I have a 1987 Toyota Pickup. I drive it a couple of hundred miles annually (287 miles between the emissions tests in Feb 2011 and Feb 2013). If I don’t drive it for a few days (and I drive it only a few days per year) it won’t start unless I push it (which I can do alone). On a trip during which I start it every few days it starts up fine. I added a 1.5 watt solar charger, which seems to keep the charge up (according to the volt meter) but doesn’t help it to start. The battery is 11 years old. I’m wondering whether I should buy a new battery or one of those jump starters. If I do buy a battery will it be better if I buy the largest-capacity battery that will fit, as opposed to the battery the purchasing guides suggest? Any recommendations on the jump starters?
Time for a new battery. 11 years is time for a new battery.
If the battery is 11 years old it’s time for a new battery.
I’ll echo the other comments…It’s time for a new battery. This battery has had almost 2 full lives.
I agree with the others. Just get the regular battery.
New battery. I have battery arguements with my dad and it has gotten to the point where I was carrying 3 batteries in my trunk at one point. In my experience it isn’t worth it.
300 miles in 2 years is not enough to keep a battery charged. At this point I think your battery is shot. The solar charger should work, if there is any decent amount of sun. In fact, the battery might have been overcharged by the solar charger. Once the battery is dead it won’t hold a charge anymore so replace the battery and then work out the best plan to keep it charged without overcharging it.
A plug in battery tender charger might be your best option. Or, disconnect the battery during the long periods between using the truck.
New battery. If your old battery develops an internal short, which it is likely to do at this age, it can damage your alternator.
I can personally state that some of those solar charges put out 16 volts. I consider that more harmful than letting a battery go dead due to non-use.
How did you measure that, no load with a digital voltmeter? If so, it won’t hurt the battery.
With a DMM
Even though it might not hurt the battery, I won’t install one on any vehicle owned by me.
Measuring a charger like that with no load is not at all the same as when it is charging a battery. This is not a regulated supply–I suspect the voltage drops greatly when under any kind of load. But that said, you probably don’t need to leave it hooked up all the time.
Also, as others have said, you’re well due for a new battery. Just get the standard battery for your truck. The extra capacity battery would be useful if you use a lot of accessories or live in a cold climate, but it won’t make the battery last any longer.
I would. Those solar cells have a high internal resistance, as soon as any current starts to flow, the voltage drops down. If the cell is rated for 12V 5W, then it may read 16V at no load, but at rated current (0.417 amps), the voltage will read 12V unless specified otherwise. I.e., the rated current might be at 12.6V as that is a car batteries rest voltage.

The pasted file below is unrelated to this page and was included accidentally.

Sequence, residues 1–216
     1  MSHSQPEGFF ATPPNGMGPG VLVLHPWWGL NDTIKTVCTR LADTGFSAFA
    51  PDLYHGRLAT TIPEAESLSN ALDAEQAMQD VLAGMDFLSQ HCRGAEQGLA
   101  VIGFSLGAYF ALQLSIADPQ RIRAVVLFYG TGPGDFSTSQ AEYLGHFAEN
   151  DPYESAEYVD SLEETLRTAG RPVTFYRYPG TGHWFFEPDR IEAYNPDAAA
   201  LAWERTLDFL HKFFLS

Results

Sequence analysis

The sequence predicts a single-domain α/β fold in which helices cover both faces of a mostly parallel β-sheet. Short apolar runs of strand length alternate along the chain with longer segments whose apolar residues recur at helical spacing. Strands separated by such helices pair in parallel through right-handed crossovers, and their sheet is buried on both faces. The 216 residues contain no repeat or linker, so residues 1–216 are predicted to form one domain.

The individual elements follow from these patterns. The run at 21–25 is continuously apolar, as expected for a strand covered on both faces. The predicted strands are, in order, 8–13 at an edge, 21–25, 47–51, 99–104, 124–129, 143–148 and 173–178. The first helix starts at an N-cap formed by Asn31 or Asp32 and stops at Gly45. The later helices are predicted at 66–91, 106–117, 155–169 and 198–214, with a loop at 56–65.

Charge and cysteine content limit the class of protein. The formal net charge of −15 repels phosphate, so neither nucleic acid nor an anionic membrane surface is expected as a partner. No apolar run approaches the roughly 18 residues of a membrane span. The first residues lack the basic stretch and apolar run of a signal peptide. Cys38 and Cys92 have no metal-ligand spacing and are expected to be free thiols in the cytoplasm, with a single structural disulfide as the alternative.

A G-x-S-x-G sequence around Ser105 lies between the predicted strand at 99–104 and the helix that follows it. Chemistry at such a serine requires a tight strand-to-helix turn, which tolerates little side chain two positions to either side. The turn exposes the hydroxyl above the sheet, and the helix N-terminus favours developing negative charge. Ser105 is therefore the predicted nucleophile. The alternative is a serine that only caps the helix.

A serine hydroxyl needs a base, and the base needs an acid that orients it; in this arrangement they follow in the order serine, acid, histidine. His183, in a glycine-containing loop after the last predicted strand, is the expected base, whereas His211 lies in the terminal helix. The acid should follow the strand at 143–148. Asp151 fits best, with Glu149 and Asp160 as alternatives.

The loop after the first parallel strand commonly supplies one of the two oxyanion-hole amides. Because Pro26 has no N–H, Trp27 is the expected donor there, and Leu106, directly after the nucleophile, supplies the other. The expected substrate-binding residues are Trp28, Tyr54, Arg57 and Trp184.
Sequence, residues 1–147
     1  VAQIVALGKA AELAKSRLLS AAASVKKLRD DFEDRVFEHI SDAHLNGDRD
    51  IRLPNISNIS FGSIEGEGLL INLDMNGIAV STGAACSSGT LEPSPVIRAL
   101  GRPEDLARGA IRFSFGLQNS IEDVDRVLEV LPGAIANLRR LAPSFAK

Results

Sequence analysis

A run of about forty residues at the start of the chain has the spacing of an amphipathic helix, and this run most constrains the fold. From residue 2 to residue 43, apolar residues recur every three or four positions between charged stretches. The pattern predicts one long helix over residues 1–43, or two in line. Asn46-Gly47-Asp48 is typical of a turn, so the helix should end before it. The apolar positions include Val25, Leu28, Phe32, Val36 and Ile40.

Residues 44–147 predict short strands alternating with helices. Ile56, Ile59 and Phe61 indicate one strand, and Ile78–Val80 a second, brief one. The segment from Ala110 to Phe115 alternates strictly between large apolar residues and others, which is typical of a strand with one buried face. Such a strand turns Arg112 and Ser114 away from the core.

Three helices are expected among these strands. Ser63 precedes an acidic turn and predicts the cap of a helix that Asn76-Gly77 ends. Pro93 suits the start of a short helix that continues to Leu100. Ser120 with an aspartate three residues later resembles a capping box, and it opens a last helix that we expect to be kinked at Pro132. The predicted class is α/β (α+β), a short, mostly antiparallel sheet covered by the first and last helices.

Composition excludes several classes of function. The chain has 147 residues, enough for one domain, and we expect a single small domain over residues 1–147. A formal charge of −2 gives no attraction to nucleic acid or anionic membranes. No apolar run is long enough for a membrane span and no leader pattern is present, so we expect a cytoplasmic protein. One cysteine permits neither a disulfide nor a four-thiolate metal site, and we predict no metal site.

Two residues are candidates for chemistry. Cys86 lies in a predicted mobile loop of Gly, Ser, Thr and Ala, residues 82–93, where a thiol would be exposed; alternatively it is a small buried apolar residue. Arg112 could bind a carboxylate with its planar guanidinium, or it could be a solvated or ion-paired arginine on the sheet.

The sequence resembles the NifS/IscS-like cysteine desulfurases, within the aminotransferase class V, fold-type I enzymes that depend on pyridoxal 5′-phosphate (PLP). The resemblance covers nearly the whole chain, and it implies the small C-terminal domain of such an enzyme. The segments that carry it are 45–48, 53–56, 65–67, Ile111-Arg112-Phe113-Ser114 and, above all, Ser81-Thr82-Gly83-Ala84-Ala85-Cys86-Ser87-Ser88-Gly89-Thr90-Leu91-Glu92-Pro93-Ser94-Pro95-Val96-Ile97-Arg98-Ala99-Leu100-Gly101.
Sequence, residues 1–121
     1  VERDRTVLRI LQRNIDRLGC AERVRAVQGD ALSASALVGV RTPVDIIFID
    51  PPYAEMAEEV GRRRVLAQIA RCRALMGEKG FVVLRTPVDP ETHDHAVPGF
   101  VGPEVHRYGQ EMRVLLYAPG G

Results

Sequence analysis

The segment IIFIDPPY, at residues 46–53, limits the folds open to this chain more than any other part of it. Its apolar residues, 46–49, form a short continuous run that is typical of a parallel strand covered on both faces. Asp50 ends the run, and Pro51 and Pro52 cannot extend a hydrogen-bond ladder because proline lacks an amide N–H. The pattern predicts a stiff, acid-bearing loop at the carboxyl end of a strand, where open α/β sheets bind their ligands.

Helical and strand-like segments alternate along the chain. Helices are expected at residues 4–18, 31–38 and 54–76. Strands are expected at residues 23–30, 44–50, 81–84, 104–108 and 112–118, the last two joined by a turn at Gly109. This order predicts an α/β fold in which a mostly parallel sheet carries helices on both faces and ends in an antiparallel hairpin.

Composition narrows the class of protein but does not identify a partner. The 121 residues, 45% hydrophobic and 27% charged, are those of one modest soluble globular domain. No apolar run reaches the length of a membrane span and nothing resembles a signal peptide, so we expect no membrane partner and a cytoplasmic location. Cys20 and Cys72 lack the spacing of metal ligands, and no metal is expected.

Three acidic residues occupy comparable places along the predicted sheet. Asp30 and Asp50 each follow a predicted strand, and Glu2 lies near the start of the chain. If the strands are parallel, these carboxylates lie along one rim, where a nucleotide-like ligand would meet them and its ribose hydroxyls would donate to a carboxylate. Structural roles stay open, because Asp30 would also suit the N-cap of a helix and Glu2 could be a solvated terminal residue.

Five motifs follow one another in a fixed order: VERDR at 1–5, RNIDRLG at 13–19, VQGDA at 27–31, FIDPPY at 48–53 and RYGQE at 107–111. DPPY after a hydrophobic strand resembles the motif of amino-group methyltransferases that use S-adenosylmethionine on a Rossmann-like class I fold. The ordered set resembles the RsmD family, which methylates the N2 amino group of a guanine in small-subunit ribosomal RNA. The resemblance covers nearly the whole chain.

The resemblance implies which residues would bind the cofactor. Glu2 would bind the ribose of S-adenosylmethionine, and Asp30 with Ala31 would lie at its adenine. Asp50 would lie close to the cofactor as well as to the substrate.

You see this in action when you engage the starter motor. The battery reads 12.6V at rest (open circuit or no load), but when you hit the starter button, current flows through the starter circuit, which the battery is part of that loop. All the current that goes through the starter also goes through the battery, so the internal resistance of the battery becomes part of the circuit and it drops some of the voltage. The result is that you only see about 9V across the terminals while the starter is spinning.
how about a “Battery Tender”
First I want to know how you got 11 yrs out of a battery 5 maybe 6 yrs is like 80 yrs in battery life. 2nd get it started and take to any good parts store or battery store most will check out battery and chargeing system free. but i would take at least $70 with you because you WILL NEED A NEW BATTERY!! They will also size the battery to the truck options. like do you have a winch on it or a 5,000,000 watt sound system
I say you need to buy both.
A battery 11 years old needs to be replaced.
And since you only start it rarely, you also need a jump starter.
@mountainbike Agree, you need both. Batteries are relatively cheap, but a battery tender (also cheap) will make sure it stays charged.
Only thing worse than a dead battery is a flat tire with no spare.
I wouldn’t think of a new battery, I’d buy one.
Thanks for your input. The battery is the AutoZone brand ‘Consumer Reports’ recommended 11 years ago. It came with an 8-year warranty. I’ve driven 22,000 miles on it. It push-starts easily and starts after that without pushing. I go hiking and leave it parked at the trailhead for days; it starts when I get back. The gravimeter measures a specific gravity just barely in the acceptable zone. So it’s not dead.
Solar chargers larger than 1.5 watt come with regulators; the 1.5 watt charger puts out so little that they don’t need them. I kept the battery disconnected before that. The voltage on the battery is higher, but still not fully-charged, with the solar charger but it doesn’t seem to start more readily.
Will a new battery start after sitting for 6 months? I don’t have a garage, I won’t keep the battery inside, so I won’t use a battery tender.
Any battery sitting 6 months will surely lose its charge. Disconnecting the battery would help, but probably not enough. It will have to be charged before you use it. Long extension cord?
Do you also have issues with stale gasoline?